The regrowth of vegetation in second-growth forests may occur naturally or artificially.
In some cases, trees and shrubs regrow naturally after the original vegetation has either died or been removed. This can occur when land that has been formerly deforested, is abandoned and left to reforest naturally over time.
However, in most cases, regrowth is human-induced. In such cases, the second-growth forest is a result of reforestation and revegetation projects.
Because second-growth forests do not have a long natural history of uninterrupted growth cycles for hundreds or thousands of years like old-growth forests, they are less-developed in terms of ecology.
Second-growth forests are not ecologically complex like old-growth forests. They lack the degree of biodiversity and specialization that is attained from long-term biological adaptation.
Many species in second-growth forests are not native, but rather have been introduced by humans into the ecosystem, from a different biome.
The trees in second-growth forest are spaced based on human estimates, and tend to be closer to one another than those in old-growth forests. As a result, the canopy is usually denser and closed, compared to the open canopy structure of old-growth forests.
Trees in second-growth forests are also much younger and thinner than those in old-growth forests.
A comparison between old-growth and second-growth forests is given in the table below;
|Old-Growth Forest||Second-Growth Forest|
|Has undergone a long period of natural evolution||Has not undergone natural evolution|
|Biodiversity is relatively high||Biodiversity is relatively low|
|Species are highly specialized and adapted||Species may not be adapted|
|Native species are dominant||Most species are not native|
|Trees are older and thicker||Trees are younger and thinner|
|Soil is more developed and has higher organic content||Soil is less developed, with lower organic content|
|Forest canopy is open and less-dense due to natural evolution||Forest canopy is closed and denser than old-growth canopies|
|Human influence on the ecosystem is relatively low||Human influence is relatively high|
|Higher available energy, productivity and sustainability||Energy, productivity and sustainability are lower than old-growth forests|
Types of Forest Ecosystem based on Mode of Occurrence
Based on mode of occurrence, the types of forest ecosystem are natural and artificial.
6). Natural Forest as one of the Types of Forest Ecosystem
A natural forest is a type of forest ecosystem that has originated and reproduced naturally.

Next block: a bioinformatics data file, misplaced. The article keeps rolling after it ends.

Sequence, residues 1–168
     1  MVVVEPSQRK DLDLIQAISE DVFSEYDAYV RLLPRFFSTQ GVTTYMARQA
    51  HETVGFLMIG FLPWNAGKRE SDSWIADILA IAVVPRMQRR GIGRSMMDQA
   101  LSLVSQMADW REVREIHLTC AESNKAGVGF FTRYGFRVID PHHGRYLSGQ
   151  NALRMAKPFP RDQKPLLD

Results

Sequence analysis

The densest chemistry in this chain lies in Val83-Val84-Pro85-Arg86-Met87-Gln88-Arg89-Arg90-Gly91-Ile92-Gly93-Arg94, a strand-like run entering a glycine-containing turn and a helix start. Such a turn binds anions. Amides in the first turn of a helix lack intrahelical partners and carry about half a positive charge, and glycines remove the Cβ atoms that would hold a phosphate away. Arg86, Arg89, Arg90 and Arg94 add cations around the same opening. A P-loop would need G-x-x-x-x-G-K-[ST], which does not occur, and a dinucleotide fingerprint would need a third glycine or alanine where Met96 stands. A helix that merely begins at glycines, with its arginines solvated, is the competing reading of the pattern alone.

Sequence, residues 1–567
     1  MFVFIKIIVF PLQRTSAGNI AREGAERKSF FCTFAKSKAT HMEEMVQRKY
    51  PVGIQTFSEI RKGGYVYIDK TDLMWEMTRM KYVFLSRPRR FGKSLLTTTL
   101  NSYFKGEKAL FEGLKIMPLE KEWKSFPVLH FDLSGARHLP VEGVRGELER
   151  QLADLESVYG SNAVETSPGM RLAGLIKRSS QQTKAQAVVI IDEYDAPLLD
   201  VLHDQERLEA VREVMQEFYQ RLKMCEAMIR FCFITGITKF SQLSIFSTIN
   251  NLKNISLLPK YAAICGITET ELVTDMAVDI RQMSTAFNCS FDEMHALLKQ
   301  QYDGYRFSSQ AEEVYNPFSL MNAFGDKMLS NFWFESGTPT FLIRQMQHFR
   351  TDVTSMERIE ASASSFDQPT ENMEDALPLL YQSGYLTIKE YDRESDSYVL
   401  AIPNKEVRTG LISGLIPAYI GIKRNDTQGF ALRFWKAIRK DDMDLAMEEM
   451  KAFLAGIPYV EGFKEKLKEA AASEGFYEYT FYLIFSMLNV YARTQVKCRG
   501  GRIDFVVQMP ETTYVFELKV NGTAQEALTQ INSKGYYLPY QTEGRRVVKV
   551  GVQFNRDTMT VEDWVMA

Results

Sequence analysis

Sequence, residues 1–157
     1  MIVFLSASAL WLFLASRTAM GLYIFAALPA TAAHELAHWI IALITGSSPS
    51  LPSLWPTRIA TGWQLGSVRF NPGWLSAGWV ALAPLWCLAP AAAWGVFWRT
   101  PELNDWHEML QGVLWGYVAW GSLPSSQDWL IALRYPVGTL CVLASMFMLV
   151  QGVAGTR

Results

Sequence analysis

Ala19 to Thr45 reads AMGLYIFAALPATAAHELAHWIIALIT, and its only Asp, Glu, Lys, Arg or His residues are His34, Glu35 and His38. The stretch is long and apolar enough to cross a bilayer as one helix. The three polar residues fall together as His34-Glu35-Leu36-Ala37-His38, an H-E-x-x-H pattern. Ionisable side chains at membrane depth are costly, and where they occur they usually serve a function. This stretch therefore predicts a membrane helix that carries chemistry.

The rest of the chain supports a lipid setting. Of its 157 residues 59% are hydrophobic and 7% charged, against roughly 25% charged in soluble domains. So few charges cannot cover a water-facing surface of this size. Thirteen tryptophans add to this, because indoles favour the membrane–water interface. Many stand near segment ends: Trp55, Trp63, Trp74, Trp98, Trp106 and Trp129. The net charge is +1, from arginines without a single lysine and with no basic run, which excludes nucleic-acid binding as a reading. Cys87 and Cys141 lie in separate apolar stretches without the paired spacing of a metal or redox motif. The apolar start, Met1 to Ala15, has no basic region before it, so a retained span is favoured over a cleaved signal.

It is usually comprised of indigenous species of plants and animals, although some immigrant species may also be present.
What defines a natural forest ecosystem is the natural occurrence of reproduction, migration, evolution, adaptation and survival in these forests. Such processes all occur without any human intervention.
Most of the major types of forest ecosystem like tropical, temperate and boreal, are natural forests.
7). Artificial Forest as one of the Types of Forest Ecosystem
Artificial forests are forests whose production and occurrence have been facilitated by humans.
The ecological composition and structure of artificial forests are different from those of natural forests and can be used to distinguish the two types from each other .
Some artificial forests are second-growth forests whose origins are natural; but have experienced deforestation and loss of biodiversity in the past. Other artificial forests have manmade origins. These are called manmade forests or plantations.
The goal of artificial forestry is to recreate the ecological characteristics and functions of forest ecosystems. Artificial forests may comprise of both native and non-native species.
The (sub-types and) types of forest ecosystem discussed in this article are;
- Tropical Forest
2.Tropical Dry Forest
- Tropical Moist Forest
- Mangrove Forest
- Evergreen Forest
- Montane Forest
- Subtropical Forest
- Temperate Forest
- Temperate Deciduous Forest
- Temperate Coniferous Forest
- Boreal Forest as one of the Types of Forest Ecosystem
- Open Canopy Boreal Forest
- Closed Canopy Boreal Forest
- Old-Growth Forest
- Second-Growth Forest
- Natural Forest as one of the Types of Forest Ecosystem
- Artificial Forest